Pierre reminds us of the importance of dialogue -- a worn out word perhaps, but one packed with grace when truly sought.  He identifies real dialogue as a concern for the other person’s welfare.  Dialogue recognizes that the other has a portion of the truth that we need in order to come to a fuller truth whether it is religious, personal or political.  Just as no one person possesses God, no one person possesses the whole truth.  In Pierre’s world and ours, religion and politics walk hand in hand.  A true appreciation of the other and an understanding of the other person’s views are necessary. Therefore, it behooves us to be in dialogue with people who have different opinions from us if we desire to grow and live in peace with one another.   This path, however, can only be forged by respectful dialogue and, as religious people, through daily prayer and reflection of what we have heard and observed.


The life of Pierre Claverie is a hopeful story, but it is more than that.  It is also a story that helps us visualize and remember a nation, Algeria that went through a dramatic violent change.  In Pierre’s opinion much of the violence came from people who were uninformed and easily manipulated by popular opinion.  Pierre’s life also helps us see where we need to build bridges of conversation and compassion, bridges of hope and possible pathways to peace.  We might not be official political or religious leaders, but each of us has a tremendous influence in both our private and public lives. 


Along with indifference, Pierre considers intolerance as one of the major causes of violence.  Intolerance of others leads to nationalism and fundamentalism. When we don’t make room for the other, respect them and their opinions, when we are incapable of actively accepting a pluralistic society, violence will increase and eventually erupt.  As our families, neighborhoods and nation continue to become more diverse, we need to consciously develop ways of approaching and respecting differences. 


Pierre uses a multi-facet image to express the divide between peoples, religions and cultures.  He talks about a fault line.  We especially in the San Francisco Bay Area are used to this term.  Many fault lines network our region. The pun is obvious and intended, but is neither limited to us Californians nor to Pierre’s compatriots. The fault line becomes for Pierre an abiding symbol that speaks to all of us.  “In Algeria, we find ourselves on a seismic division that extends throughout the entire world…. We are indeed where we belong (on the fault line) because it is only in this way that one can see the light of Resurrection and together with it the hope for the renewal of our world (201).”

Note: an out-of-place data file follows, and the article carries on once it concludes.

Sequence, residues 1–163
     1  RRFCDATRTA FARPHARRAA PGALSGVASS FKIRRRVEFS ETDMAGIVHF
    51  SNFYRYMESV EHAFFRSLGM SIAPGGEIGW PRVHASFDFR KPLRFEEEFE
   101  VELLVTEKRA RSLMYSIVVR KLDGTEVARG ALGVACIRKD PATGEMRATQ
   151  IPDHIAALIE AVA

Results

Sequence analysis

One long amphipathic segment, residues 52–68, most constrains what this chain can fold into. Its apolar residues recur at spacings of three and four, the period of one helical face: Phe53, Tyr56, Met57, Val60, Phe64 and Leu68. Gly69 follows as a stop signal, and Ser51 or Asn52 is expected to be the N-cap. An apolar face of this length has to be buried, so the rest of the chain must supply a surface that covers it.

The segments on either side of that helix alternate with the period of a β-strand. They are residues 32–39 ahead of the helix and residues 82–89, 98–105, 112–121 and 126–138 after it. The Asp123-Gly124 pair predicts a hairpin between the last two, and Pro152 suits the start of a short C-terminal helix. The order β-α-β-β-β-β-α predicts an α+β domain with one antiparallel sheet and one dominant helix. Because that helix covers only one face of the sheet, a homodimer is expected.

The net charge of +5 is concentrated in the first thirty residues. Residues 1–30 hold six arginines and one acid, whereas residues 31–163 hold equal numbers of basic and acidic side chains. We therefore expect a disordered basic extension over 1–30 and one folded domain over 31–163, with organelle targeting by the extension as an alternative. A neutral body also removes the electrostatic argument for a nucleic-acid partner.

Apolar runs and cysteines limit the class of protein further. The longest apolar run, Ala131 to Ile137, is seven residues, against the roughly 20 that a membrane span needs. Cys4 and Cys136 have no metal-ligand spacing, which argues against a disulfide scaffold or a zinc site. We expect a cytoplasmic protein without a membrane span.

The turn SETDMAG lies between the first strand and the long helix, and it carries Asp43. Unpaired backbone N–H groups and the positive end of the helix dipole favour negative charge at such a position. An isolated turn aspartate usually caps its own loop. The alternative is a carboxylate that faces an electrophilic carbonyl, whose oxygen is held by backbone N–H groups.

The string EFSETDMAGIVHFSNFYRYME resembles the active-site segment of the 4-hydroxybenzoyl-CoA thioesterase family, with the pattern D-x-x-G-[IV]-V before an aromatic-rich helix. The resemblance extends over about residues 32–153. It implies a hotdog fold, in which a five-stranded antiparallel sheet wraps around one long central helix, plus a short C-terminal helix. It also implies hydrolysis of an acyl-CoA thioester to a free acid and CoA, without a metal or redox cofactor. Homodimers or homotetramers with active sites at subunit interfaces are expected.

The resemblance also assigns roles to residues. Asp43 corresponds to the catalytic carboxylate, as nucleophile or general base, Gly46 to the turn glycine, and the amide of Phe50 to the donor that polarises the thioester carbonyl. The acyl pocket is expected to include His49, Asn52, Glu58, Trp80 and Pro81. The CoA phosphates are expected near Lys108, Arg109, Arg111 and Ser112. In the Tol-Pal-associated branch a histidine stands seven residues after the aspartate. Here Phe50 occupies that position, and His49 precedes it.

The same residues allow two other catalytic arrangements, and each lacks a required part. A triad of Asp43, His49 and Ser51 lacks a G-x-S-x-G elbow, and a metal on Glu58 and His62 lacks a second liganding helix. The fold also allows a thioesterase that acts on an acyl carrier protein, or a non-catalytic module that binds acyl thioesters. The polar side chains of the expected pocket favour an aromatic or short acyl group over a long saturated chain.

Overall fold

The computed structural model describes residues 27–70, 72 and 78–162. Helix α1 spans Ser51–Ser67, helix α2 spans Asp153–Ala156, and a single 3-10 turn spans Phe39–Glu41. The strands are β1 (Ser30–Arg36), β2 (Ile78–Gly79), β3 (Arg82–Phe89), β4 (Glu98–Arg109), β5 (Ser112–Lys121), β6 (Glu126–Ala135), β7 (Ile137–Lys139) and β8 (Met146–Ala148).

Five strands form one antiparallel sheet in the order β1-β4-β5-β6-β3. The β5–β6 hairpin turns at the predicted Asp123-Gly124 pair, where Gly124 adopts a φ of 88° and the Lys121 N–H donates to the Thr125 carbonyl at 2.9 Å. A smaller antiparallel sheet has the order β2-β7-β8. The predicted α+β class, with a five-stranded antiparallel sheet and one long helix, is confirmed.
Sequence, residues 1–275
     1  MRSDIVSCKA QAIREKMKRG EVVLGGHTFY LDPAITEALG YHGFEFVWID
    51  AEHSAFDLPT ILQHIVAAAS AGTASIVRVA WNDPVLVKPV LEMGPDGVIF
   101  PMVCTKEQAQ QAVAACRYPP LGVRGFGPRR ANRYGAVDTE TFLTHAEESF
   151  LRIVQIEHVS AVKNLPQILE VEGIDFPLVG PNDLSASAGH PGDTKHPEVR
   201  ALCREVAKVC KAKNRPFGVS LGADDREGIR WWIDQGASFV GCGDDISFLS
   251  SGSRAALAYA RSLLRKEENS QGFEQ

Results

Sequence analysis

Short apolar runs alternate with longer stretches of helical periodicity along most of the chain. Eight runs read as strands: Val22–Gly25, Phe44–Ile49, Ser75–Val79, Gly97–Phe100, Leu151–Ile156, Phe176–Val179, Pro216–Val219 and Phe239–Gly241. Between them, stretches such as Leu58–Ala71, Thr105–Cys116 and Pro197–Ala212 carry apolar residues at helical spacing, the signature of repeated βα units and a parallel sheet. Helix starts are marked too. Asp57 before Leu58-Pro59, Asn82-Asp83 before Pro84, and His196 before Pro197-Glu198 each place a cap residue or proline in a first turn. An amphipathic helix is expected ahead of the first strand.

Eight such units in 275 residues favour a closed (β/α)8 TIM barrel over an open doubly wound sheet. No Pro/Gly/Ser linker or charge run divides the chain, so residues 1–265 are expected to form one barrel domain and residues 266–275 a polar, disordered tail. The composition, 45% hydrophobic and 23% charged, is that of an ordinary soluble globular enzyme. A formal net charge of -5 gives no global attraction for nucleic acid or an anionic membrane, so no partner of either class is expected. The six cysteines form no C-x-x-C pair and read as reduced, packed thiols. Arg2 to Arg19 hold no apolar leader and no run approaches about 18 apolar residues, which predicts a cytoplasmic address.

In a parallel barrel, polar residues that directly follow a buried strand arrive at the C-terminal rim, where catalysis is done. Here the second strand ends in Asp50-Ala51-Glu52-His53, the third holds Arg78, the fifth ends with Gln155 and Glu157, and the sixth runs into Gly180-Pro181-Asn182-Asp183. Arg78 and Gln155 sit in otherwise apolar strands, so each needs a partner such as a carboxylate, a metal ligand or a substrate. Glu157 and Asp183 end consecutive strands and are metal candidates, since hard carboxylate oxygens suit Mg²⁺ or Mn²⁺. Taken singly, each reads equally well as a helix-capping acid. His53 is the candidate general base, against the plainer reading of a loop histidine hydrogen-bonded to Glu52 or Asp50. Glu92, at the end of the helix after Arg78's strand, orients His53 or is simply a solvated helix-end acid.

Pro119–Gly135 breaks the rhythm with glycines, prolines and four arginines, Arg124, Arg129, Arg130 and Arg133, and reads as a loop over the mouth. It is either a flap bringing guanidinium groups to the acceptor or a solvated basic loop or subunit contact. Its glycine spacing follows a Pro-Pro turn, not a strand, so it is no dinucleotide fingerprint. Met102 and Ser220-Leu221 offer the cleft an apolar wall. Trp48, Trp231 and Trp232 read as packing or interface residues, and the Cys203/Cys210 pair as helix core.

With those words, Pierre invites us to see ourselves along this fault line.  He encourages us to stand on the edge, explore what that means for us both individually and collectively.  He invites us to reach out to others with compassion and mercy.  Like Jesus who placed himself on the fault lines of sin in order to bring about healing and reconciliation, Pierre calls us to be a reconciling presence “wherever humanity is torn, crucified and fragmented (200).” 


 A Life Poured out: Pierre Claverie, of Algeria is more than a history book.  It enables us to see, in slow motion, the spiritual, psychological and intellectual development of a true follower of Jesus and St. Dominic.  Pierre clearly articulates moments and experiences that expose him to new insights and lead him to yet deeper and deeper conversion.  In reading his story many of us will be able to identify times in our own lives when we, too, have noticed shifts in our thoughts and beliefs: times of personal conversion.    These reflections are important because they bring us to a sense of wonder and gratitude.


”Blest too the peacemakers; for they shall be called daughters and sons of God.”  Hope this book might be part of your summer reading.  


1.  A Life Poured out: Pierre Claverie, of Algeria, Jean-Jacques Perennes, Orbis Books, Maryknoll, New York, 10545, 2007.

Special thanks to Mary Ellen Green and Maria Hetherton who have helped in editing this article. "Stories Seldom Heard" is a monthly article written by Sister Patricia Bruno, O.P.  Sister is a Dominican Sister of San Rafael, California.  This service is offered to the Christian community to enrich one's personal and spiritual life.  The articles can be used for individual or group reflection.  If you would like "Stories Seldom Heard" sent to a friend, please send a note to"  If you would like to support this ministry, please send your contributions to Dominican Sisters of San Rafael, c/o Sister Patricia Bruno, O.P., St. Dominic’s Convent, 2517 Pine Street, San Francisco, CA.  94115.   Thank you.

To make changes or remove your name from Stories Seldom Heard mailing list please contact me at  Thank you.  Sister Patricia

Stories Seldom Heard Archive

May 2018 April 2018 March 2018 February 2018 January 2018 December 2017 November 2017 October 2017 September 2017 August 2017 July 2017 June 2017

Home Contact Us Site Map St. Dominic

©Copyright 2005 - 2018Dominican Friars

  Free Web Hit Counter